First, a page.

Just wondering and haven't tired it... are the later electric start (mine is 1920) Ts designed to start on mag as well as on battery? Or just battery?
They can start on either spark generator.
They will do either. Just like starting by hand, set your throttle and spark appropriately for either battery or magneto and then just use the starter instead of the hand crank.
Theoretically, all T's should start on MAG. But in the real world Ford provided a battery connection for a reason. The reason is that magnets can weaken over time, and a magneto may provide enough juice for running but not enough for starting. My runabout's magnets are well charged and I can start on MAG most of the time, especially when the car is warm. But sometimes it gets stubborn and I switch to BAT to get going.
My 27 RPU starts on Mag all the time. Battery or magneto should make no difference as long as the magnets are charged.
For those who haven't started on MAG and want to try it, I should mention that you don't fully retard the timing as you do when starting on BAT. For a MAG start the lever should be five or six notches down.
Steve is right, but the 5 or 6 notches down but is always puzzling. The linkage used to actually move the commutator does not seem to be as precise.
It begs the question on what notch does the kick back action start?
I think Steve's setting is not arbitrarily accurate. Every T has the timer linkage set differently (especially after some use).
So I suggest trying it fully retarded and then slowly advancing to find the best position for YOUR car
The answers may be found in this article Steve Coniff and I prepared many years ago. The Model T Ignition System and Spark Timing
It is important to remember this assumes the initial timing is set at 15.5 degrees ATDC and the spark lever linkage has no slop.
As you can see from Figure 8 when starting on magneto advancing the spark lever 5-6 notches will result in the first spark occurring at 4 degrees ATDC. At that point the cylinder will still have adequate compression to fire the fuel/air charge. If you did not advance the spark lever you would be trying to start the engine at 26.5 degrees ATDC which would be difficult because much of the compression is gone. This is why Ford recommended advancing the spark lever for hand cranked magneto starting.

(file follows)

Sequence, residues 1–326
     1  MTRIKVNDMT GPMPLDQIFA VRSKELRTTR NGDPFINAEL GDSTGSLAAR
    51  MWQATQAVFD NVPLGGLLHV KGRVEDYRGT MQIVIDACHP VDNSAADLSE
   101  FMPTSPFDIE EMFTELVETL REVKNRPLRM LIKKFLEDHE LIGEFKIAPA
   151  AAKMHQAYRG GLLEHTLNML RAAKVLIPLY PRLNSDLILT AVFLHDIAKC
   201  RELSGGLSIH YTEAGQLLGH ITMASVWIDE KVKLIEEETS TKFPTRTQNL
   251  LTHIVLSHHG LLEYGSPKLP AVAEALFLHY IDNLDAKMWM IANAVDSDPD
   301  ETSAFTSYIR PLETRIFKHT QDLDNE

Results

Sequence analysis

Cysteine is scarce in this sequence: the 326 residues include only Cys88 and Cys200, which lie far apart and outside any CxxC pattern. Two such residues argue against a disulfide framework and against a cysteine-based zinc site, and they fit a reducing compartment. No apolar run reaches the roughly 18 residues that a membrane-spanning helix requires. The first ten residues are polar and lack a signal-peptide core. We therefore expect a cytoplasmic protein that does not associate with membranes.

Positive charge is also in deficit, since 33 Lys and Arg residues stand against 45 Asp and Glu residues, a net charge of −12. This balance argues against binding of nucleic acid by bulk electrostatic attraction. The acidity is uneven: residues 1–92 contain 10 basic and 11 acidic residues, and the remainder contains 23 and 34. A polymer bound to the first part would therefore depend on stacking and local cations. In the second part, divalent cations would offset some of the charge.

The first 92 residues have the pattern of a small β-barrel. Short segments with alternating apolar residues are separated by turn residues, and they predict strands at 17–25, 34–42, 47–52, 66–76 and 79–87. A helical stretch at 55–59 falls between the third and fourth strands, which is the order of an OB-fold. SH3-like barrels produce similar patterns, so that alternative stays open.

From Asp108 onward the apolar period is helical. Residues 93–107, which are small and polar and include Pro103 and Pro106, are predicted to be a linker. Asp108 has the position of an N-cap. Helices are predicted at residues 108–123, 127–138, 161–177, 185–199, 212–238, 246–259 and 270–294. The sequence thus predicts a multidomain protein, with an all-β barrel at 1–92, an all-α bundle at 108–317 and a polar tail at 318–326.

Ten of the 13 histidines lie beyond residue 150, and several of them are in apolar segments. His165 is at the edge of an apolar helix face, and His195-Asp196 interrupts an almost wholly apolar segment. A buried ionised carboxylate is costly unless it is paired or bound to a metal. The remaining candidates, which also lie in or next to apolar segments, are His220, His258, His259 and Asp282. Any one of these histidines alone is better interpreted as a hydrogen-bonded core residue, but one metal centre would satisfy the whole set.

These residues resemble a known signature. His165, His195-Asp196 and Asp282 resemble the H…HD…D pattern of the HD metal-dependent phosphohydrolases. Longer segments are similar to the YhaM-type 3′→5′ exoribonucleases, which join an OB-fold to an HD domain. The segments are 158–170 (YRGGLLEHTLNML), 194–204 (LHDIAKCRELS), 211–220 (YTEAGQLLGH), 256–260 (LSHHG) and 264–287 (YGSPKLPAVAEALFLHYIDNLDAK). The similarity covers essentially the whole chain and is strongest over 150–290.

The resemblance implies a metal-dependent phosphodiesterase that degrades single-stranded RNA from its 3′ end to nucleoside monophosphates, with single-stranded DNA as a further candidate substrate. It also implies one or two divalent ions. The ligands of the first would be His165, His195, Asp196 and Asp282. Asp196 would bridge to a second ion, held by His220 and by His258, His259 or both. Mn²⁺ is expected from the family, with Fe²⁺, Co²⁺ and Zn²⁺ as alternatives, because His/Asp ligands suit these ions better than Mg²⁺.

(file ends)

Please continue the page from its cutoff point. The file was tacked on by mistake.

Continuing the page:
Now contrast that with Figure 7. Starting on battery and advancing the spark lever 6 notches would result in the coil firing BTDC and a kick back is highly likely.
As we pointed out in the beginning of the article the Model T ignition system is commonly misunderstood and why we prepared this explanation to try to de-mystify it all.
It is important to understand that the Model T ignition system (and coils) operates differently on battery and magneto.
Where the spark lever is set when starting on a mag all depends on how the engine timing is set. Many folks including my set the timing just barely after TDC when the spark lever is fully retarded. My car starts well on mag or bat with the spark lever fully retarded.
That may be fine for some Model T's where owners are careful about getting their initial timing properly set and all the slop out of the spark advance control mechanism.
In my experience most owners are unwilling to pay much attention to such details, just wanting to drive the car.
Setting the initial timing so closely to TDC is very dangerous if all other factors have not been satisfactorily addressed. I cannot recommend doing so UNLESS you know for sure.
I believe Ford set the Model T initial timing at 15.5 degrees ATDC for safety reasons and published the hand cranking starting instructions accordingly...